The old states of Germany (german: die alten Länder) is a jargon referring to the ten of the sixteen states of the Federal Republic of Germany (FRG) that were part of West Germany and that unified with the eastern German Democratic Republic's 5 states, which are given the contrasting term New states of Germany. Usage of this terminology usually excludes one other state, Berlin, conterminous with the capital city of the reunified nation which used to be divided, with its western part linked with West Germany. The old states are Baden-Württemberg, Bavaria, Bremen, Hamburg, Hesse, Lower Saxony, North Rhine-Westphalia, Rhineland-Palatinate, Saarland, and Schleswig-Holstein. The state of Berlin, the result of a merger between East and West Berlin, is usually not considered one of the old states although West Berlin was associated with the Federal Republic of Germany, but its status was disputed because of the Four Power Agreement on Berlin. Demographics In the old states, th ...
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Germany
Germany,, officially the Federal Republic of Germany, is a country in Central Europe. It is the second most populous country in Europe after Russia, and the most populous member state of the European Union. Germany is situated between the Baltic and North seas to the north, and the Alps to the south; it covers an area of , with a population of almost 84 million within its 16 constituent states. Germany borders Denmark to the north, Poland and the Czech Republic to the east, Austria and Switzerland to the south, and France, Luxembourg, Belgium, and the Netherlands to the west. The nation's capital and most populous city is Berlin and its financial centre is Frankfurt; the largest urban area is the Ruhr. Various Germanic tribes have inhabited the northern parts of modern Germany since classical antiquity. A region named Germania was documented before AD 100. In 962, the Kingdom of Germany formed the bulk of the Holy Roman Empire. During the 16th century, northern Ge ...
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Austria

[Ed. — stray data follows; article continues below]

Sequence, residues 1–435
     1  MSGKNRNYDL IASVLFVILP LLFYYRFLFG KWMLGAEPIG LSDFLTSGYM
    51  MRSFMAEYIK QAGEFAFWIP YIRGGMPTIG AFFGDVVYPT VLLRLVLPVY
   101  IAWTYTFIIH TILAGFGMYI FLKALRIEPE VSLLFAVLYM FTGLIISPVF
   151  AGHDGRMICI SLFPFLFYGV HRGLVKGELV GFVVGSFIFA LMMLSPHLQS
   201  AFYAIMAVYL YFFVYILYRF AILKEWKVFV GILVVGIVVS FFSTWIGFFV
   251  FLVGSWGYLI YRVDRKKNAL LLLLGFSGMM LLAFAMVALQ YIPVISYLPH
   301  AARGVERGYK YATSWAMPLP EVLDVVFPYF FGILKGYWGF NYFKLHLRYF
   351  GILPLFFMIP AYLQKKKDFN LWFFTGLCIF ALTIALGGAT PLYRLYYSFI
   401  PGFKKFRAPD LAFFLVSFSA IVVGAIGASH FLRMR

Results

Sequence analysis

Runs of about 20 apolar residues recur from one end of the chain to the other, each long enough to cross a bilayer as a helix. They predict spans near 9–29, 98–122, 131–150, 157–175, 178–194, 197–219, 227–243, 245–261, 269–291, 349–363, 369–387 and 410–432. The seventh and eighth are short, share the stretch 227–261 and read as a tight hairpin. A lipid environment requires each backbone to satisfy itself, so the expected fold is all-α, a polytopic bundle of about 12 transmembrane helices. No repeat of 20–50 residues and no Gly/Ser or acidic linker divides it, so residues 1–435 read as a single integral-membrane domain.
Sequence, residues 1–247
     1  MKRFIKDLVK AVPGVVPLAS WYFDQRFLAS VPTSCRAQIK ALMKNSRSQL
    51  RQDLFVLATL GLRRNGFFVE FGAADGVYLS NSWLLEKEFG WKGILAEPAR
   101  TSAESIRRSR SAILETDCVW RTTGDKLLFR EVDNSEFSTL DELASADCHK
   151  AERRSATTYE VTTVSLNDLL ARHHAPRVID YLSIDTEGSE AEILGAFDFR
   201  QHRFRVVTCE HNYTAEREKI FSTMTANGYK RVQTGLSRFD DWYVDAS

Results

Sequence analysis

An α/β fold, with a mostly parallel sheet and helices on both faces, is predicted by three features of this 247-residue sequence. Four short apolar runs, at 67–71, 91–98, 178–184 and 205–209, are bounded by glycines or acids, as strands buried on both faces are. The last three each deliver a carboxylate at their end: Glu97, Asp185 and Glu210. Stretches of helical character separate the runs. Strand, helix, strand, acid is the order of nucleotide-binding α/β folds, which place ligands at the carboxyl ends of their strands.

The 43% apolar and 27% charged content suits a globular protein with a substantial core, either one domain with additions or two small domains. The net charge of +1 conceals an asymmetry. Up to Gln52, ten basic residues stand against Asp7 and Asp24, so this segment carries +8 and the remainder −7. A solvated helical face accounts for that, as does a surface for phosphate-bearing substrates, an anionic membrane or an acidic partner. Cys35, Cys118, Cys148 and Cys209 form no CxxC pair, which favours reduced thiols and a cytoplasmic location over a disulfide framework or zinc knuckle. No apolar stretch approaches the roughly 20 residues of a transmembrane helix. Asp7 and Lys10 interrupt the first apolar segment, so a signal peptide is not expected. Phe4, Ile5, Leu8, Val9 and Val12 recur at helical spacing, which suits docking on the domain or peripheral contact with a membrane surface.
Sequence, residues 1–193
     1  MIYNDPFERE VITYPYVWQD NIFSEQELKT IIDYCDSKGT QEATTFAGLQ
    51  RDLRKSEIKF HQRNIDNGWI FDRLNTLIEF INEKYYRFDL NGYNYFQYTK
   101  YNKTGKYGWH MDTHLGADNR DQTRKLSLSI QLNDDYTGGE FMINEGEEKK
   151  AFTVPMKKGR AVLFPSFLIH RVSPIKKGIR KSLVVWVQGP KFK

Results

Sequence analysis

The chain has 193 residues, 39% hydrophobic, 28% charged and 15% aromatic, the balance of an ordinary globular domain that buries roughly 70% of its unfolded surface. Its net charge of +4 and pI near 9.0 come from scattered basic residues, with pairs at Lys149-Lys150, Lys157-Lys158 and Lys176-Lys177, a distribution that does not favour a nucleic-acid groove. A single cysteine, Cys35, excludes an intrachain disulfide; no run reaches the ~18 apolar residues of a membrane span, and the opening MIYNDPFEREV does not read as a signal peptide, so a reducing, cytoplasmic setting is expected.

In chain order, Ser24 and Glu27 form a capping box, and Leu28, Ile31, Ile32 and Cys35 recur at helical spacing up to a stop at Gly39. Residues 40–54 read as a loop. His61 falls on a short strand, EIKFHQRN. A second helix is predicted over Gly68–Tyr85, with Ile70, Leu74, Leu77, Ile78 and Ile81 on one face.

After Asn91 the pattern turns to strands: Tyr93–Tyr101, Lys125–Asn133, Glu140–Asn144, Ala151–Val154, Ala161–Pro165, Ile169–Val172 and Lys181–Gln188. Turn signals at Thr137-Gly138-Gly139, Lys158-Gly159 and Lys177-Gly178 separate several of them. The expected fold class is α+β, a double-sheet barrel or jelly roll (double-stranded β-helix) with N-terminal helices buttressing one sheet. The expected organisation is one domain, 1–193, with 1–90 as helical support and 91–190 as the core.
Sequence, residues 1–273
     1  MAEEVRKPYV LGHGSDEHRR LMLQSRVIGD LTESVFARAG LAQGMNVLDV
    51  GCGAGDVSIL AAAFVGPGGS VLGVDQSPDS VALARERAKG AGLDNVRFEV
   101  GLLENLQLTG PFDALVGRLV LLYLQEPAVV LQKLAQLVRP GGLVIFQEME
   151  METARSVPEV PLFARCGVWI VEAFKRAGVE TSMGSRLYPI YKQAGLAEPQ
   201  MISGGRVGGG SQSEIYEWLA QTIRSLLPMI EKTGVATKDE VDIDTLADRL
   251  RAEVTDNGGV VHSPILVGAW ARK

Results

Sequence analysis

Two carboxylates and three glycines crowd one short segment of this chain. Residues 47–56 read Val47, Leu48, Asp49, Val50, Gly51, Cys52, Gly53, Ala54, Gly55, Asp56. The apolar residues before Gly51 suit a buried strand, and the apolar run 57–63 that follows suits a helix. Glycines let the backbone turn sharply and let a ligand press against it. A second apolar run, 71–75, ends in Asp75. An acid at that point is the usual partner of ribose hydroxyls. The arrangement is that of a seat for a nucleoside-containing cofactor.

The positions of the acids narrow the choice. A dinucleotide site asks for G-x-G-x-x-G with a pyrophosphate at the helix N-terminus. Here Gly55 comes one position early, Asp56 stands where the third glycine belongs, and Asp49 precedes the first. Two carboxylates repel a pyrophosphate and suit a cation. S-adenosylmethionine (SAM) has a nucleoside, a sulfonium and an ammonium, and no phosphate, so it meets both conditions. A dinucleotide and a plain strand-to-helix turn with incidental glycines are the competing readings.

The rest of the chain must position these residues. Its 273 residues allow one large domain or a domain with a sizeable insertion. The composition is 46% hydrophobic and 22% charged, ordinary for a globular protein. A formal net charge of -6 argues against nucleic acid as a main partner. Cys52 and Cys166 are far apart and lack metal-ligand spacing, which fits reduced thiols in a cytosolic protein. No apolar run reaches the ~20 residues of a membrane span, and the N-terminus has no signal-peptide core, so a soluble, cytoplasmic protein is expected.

Austria, , bar, Östareich officially the Republic of Austria, is a country in the southern part of Central Europe, lying in the Eastern Alps. It is a federation of nine states, one of which is the capital, Vienna, the most populous city and state. A landlocked country, Austria is bordered by Germany to the northwest, the Czech Republic to the north, Slovakia to the northeast, Hungary to the east, Slovenia and Italy to the south, and Switzerland and Liechtenstein to the west. The country occupies an area of and has a population of 9 million. Austria emerged from the remnants of the Eastern and Hungarian March at the end of the first millennium. Originally a margraviate of Bavaria, it developed into a duchy of the Holy Roman Empire in 1156 and was later made an archduchy in 1453. In the 16th century, Vienna began serving as the empire's administrative capital and Austria thus became the heartland of the Habsburg monarchy. After the dissolution of the Holy Rom ...
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World Bank
The World Bank is an international financial institution that provides loans and grants to the governments of low- and middle-income countries for the purpose of pursuing capital projects. The World Bank is the collective name for the International Bank for Reconstruction and Development (IBRD) and International Development Association (IDA), two of five international organizations owned by the World Bank Group. It was established along with the International Monetary Fund at the 1944 Bretton Woods Conference. After a slow start, its first loan was to France in 1947. In the 1970s, it focused on loans to developing world countries, shifting away from that mission in the 1980s. For the last 30 years, it has included NGOs and environmental groups in its loan portfolio. Its loan strategy is influenced by the Sustainable Development Goals as well as environmental and social safeguards. , the World Bank is run by a president and 25 executive directors, as well as 29 various vice p ...
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Croatia